Why Veterans Might Have a Higher Risk of Dementia

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Combat veterans may continue to feel the impact of their years of service, decades after returning home. Over the past few years, a connection between the physical and mental effects of war and dementia risk has been unearthed in a series of studies conducted by researchers from the University of California, San Francisco (UCSF).

The latest UCSF investigation, links prior traumatic brain injury (TBI) with a 60 percent increase in dementia among veterans in their mid-to-late 60s. A finding that study authors say "raises concern about the potential long-term consequences of TBI in younger veterans," especially those just returning from the wars in Iraq and Afghanistan.

Some of the veterans who didn't have a pre-existing TBI still ended up developing dementia, but the onset of their condition tended to occur two years later than those who'd sustained a significant head injury in the field.

Determining how head trauma accelerates the dementia process still remains an elusive goal for researchers. Some theorize that it contributes to the buildup of beta amyloid plaques, identified as an indicator of Alzheimer's disease, the most common form of dementia. Others believe that it's simply a matter having the added complication of TBI on top of other processes that contribute to dementia, such as genetics, heart disease and depression.

In a separate investigation, UCSF researchers also found that veterans who suffered from post-traumatic stress disorder (PTSD) were nearly twice as likely to grapple with dementia in their later years, compared to those who didn't have the psychological condition.

PTSD is a prevalent ailment among veterans of modern wars. Twelve percent of soldiers who served in World War II and the Korean War still struggle with PTSD. The condition also plagues as many as 30 percent of Vietnam veterans and 17 percent of those returning from the Afghanistan and Iraq wars.

Study authors believe that the connection between PTSD and dementia may arise from a few different factors:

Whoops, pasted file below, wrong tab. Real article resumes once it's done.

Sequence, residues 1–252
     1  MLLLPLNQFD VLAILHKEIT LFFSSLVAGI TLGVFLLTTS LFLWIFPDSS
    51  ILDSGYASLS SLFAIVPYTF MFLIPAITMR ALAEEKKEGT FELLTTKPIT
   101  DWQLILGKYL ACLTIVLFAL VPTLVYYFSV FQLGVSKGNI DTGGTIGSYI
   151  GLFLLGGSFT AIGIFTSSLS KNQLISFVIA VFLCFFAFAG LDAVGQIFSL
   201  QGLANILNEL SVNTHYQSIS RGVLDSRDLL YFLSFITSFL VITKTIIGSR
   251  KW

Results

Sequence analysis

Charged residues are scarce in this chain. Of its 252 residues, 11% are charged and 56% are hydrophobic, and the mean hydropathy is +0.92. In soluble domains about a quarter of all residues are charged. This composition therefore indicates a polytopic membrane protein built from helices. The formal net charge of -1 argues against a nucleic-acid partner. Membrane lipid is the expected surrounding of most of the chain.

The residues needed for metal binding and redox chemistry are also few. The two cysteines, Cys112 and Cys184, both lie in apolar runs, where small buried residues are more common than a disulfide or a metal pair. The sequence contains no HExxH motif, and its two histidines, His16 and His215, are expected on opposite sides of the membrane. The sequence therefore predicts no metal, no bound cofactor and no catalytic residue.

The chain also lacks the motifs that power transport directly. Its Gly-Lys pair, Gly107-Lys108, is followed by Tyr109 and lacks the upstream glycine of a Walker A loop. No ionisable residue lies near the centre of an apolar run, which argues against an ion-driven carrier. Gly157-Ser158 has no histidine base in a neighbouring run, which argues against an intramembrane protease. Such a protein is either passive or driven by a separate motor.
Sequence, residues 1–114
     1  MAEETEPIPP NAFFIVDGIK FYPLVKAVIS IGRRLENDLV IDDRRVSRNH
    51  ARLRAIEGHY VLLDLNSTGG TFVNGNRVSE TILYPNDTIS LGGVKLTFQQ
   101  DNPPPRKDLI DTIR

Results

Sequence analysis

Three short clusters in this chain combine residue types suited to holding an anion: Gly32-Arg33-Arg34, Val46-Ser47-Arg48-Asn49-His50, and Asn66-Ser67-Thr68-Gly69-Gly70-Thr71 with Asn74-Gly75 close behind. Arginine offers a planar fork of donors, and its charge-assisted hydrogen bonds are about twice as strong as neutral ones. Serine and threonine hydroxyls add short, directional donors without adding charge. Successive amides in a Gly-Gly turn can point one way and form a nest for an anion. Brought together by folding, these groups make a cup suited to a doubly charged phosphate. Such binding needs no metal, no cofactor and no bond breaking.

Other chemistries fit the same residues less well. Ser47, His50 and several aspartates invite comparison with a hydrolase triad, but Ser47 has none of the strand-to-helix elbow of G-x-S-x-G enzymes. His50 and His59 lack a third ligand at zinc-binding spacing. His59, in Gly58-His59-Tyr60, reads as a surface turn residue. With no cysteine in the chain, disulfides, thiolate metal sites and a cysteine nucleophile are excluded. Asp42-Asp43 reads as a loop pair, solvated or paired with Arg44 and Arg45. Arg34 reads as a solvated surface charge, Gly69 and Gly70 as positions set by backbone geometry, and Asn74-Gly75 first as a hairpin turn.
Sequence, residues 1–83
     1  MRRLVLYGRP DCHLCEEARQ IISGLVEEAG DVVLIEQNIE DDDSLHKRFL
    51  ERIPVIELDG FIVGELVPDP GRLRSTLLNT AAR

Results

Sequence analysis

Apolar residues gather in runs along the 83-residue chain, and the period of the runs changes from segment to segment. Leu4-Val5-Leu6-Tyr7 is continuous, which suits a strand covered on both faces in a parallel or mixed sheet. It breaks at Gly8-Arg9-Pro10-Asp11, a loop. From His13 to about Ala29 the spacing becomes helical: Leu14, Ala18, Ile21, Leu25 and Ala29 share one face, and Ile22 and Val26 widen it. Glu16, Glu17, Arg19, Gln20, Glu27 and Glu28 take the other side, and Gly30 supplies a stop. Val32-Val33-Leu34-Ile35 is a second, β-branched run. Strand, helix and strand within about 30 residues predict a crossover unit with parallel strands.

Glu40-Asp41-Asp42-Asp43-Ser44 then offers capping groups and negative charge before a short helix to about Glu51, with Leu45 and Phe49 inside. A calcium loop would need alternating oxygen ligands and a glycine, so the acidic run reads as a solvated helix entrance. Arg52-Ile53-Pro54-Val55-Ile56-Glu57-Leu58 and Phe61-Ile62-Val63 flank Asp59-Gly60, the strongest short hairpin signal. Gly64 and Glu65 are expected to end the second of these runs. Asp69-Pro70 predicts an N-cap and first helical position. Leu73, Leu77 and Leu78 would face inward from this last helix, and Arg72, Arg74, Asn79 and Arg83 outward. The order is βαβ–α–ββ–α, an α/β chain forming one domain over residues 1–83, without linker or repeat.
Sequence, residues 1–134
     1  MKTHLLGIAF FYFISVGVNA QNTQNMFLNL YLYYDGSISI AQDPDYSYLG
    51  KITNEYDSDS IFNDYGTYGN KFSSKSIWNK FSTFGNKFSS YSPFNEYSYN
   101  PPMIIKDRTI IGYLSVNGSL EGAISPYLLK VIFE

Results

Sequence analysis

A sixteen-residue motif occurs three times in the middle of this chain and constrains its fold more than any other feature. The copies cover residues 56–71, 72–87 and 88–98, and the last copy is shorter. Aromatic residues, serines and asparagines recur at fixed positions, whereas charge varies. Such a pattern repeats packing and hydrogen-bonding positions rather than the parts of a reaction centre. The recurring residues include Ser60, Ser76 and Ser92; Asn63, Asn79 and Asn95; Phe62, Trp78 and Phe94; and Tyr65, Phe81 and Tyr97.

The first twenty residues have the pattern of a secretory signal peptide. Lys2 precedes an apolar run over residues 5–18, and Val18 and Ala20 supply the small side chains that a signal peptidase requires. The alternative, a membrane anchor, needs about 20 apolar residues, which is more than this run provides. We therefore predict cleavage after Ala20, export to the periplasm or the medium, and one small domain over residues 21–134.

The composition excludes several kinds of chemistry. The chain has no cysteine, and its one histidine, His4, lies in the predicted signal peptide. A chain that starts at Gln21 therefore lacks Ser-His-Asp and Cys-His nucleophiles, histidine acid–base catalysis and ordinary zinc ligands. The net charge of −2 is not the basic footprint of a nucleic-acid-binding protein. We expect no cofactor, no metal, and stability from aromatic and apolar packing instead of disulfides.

PTSD itself has a negative impact on a person's overall mental functioning, reducing their cognitive reserve (the brain's natural defense against dementia) and contributing to the accelerated onset of dementia later in life.

PTSD creates feelings of chronic stress, which can harm the hippocampus, the part of the brain that is essential to learning and memory formation. Long-term stress can also cause damaging inflammation in the brain.

People with PTSD may be more often diagnosed with dementia because they are already being monitored by mental health practitioners who are actively keeping tabs on changes in their mental well-being.

A multitude of conditions—from diabetes to sleep apnea—have been identified as contributing to the development of cognitive difficulties among aging adults. The reality is that each factor is just one part of a complex disease process that has yet to be fully unraveled and understood by scientists.

One thing is clear: the more of these conditions a person has, the greater the likelihood that they'll experience life-altering cognitive impairment as they age.

While some forms of dementia—Alzheimer's disease, Lewy Body dementia, vascular disease and Pick's disease—cannot be entirely prevented or cured, a person can minimize their overall chances of developing cognitive impairment and other signs of dementia by managing certain controllable risk factors.

A healthy diet, regular exercise regimen and seeking professional help when grappling with excessive stress and depression are simple ways to mitigate dementia risk. A recent idea that has given renewed hope to the medical community is the concept of "cognitive reserve"—the brain's ability to create new neural pathways to compensate for some of the physical damage done by certain forms of dementia.

Studies have shown that cognitive reserve can be built (regardless of a person's age) by engaging in stimulating mental activities. These activities go beyond doing a daily crossword of Sudoku puzzle, but are still simple enough to do during your daily life. For some examples of daily activities that can help generate this dementia buffer, see 8 Ways to Construct Cognitive Reserve.

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